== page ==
MOTIVATION AND THE LEARNING
Folk wisdom says that “unmotivated students just won’t learn”,
that “you can lead a horse to water, but you can’t make it drink”. This proverb
comes to mind when we see how different are various students’ attitudes to foreign
languages. For one student, learning language is personally significant, he is motivated
to language learning (though motives may differ: self-actualisation, high achievement
motivation, goal orientation, avoidance of failure); for another student, language is a
heavy burden which he has to carry, and he doesn’t hide his boredom, yawning and just
waiting for the end of the class. Every teacher faces such situations and in truth is
often inclined to blame a student for “misbehaviour” or their inability to learn the
language. But this situation can be understood differently by a teacher who can think
critically: it is mostly a sign which reveals whether the teaching methods and approaches
are effective and relevant to a students’ needs.
All standard books on educational psychology have chapters on
motivation and its effect on the learning process. Most studies report a high correlation
between motivation and achievement; this is evidence that a highly motivated student will
do well in school.
It goes without saying that the ability to motivate students to learn
is a key skill of every teacher. Although everyone agrees that motivation is important, it
is difficult to find a clear definition of the concept. Motives are inner psychological
drives that impel people to action. If a student is motivated to language learning then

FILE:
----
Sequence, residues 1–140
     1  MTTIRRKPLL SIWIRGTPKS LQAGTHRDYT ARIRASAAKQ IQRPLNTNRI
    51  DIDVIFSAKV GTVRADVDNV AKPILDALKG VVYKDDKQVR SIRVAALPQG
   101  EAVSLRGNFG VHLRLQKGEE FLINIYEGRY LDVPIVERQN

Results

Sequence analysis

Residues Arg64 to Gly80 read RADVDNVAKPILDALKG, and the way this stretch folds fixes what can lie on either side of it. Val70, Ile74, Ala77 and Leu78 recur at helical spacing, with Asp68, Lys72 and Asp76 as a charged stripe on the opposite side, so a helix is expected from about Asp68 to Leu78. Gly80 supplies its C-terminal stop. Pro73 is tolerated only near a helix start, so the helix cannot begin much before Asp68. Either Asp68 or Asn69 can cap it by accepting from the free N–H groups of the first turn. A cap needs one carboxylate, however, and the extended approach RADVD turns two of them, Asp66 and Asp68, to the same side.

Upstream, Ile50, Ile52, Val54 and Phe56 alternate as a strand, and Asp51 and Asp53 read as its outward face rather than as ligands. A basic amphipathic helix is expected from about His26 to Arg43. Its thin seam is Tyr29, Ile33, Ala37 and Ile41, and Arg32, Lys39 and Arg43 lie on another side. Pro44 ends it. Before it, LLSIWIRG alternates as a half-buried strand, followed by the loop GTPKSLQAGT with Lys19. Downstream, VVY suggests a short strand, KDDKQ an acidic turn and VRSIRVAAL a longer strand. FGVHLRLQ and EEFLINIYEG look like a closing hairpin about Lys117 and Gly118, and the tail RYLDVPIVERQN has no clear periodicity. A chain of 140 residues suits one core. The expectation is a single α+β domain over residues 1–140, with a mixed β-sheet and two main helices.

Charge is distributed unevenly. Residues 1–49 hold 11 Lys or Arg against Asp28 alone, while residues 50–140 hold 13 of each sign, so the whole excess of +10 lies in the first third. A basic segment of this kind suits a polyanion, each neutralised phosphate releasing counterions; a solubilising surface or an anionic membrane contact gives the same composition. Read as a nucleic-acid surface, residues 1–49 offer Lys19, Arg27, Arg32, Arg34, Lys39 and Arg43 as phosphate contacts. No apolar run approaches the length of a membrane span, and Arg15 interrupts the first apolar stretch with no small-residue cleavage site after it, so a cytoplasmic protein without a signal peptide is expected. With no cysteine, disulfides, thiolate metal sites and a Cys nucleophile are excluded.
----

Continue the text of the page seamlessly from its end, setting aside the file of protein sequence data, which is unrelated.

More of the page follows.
his learning process is conscious and may be influenced, and the greater the value is that
an individual attaches to this or that activity the more highly motivated he will be. It
is difficult to predict what kind of activity any particular individual will find
worthwhile for its own sake, but we can identify the activities that individuals consider
important to them personally.
So, when people are involved in any activity which could be described
as highly motivated, the following conditions are likely to apply:
All of their minds and bodies are completely involved.
Their concentration is very deep.
They know what they want to do.
They know how well they are doing.
They do not worry about failing
- Time passes very quickly.
What can be done about motivating students to learn?
- Courses must be relevant to the needs and interests of the students.
- Analysis of needs and interests should be done cooperatively.
- Students must be involved in the decision-making process about what to learn and how to
learn, and they must be encouraged to take responsibility for their own learning.
So, one fundamental principal of motivation is that people work harder
for goals they themselves set than for goals set for them by others. They must be
concrete, attainable, attractive, and must be set for rather short period of time.
At the beginning of the term (week, month) students should answer
the following questions in written form:
1. What new skills would you like to develop by the end of the term
2. What language difficulties would you like to overcome?
3. What material is of special interest to you now?
At the end of the term (week, month) students must analyse the progress
they made, the positive and negative sides of their experience; and if they still make the
same mistakes, they must try to explain the reasons that prevented them from succeeding in
this or that sphere. It is vitally important to praise students for setting and then
achieving their goals.
How can we find out students’ ideas and impressions about the course
they are studying? Creative teachers ask such questions. But isn’t it interesting for
everyone to know how students evaluate him or her, whether they approve or disapprove of
the methods applied and the goals set, and how they feel about the class.
One of the ways to do it is to ask students to fill in a questionnaire.
The purpose of this questionnaire is to find out your ideas and
impressions about your English course. How strongly do you feel about the following
aspects of your course? Put X in the spaces provided.
If the word meaningful very strongly describes your feelings
towards the course
meaningful X – – – – – – meaningless
If the word meaningful somewhat describes your feelings towards